Employee lawsuits spurred by broad worker protection laws

Entrepreneurs in Maryland often worry about being sued by customers or members of the public, but an October 2015 report from a leading specialty insurance provider indicates that they should also be concerned about lawsuits filed by their employees. The study, which was prepared by Hiscox, found that small and medium sized companies had about a 12 percent chance of facing such a lawsuit in 2014, and the likelihood was even higher for businesses in states with employee protections that go beyond those provided by federal law.

The study reveals that companies located in the 10 states with comprehensive fair employment or anti-discrimination regulations were sued far more often by their employees. New Mexico topped the list of states for employee lawsuits with businesses in the state facing such litigation at a rate 66 percent higher than the national average. Laws requiring employers to screen all job applicants for work eligibility and make allowances for pregnant employees were also associated with an increased rate of employee lawsuits.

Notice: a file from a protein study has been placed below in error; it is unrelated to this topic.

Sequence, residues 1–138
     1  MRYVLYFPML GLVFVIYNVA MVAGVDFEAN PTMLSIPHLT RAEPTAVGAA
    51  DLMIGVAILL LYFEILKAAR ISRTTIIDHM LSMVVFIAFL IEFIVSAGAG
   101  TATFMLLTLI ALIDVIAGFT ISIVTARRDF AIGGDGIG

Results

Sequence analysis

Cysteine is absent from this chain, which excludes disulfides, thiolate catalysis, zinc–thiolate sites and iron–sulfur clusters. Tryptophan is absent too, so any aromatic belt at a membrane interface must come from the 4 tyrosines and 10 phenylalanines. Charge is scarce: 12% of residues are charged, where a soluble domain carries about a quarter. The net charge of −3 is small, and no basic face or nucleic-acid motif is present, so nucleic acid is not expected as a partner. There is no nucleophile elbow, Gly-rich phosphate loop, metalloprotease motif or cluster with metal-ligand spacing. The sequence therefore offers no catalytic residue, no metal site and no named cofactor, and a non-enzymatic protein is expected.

The cost of employment litigation can be high. According to the Hiscox study, businesses spend an average of $125,000 to pay their attorneys and settle these cases. While those with insurance coverage had an average deductible cost of $35,000, uninsured business owners who lost such cases in court faced judgments that averaged approximately $200,000.

Attorneys with experience in this area could advise business owners to put comprehensive policies and procedures in place to reduce their chances of being sued by employees. These policies could help to avoid disputes by clearly defining roles and responsibilities and establishing procedures that allow unhappy workers to settle their grievances without having to resort to litigation. Attorneys may also review employment contracts and hiring policies to identify problem areas that could give rise to disputes.

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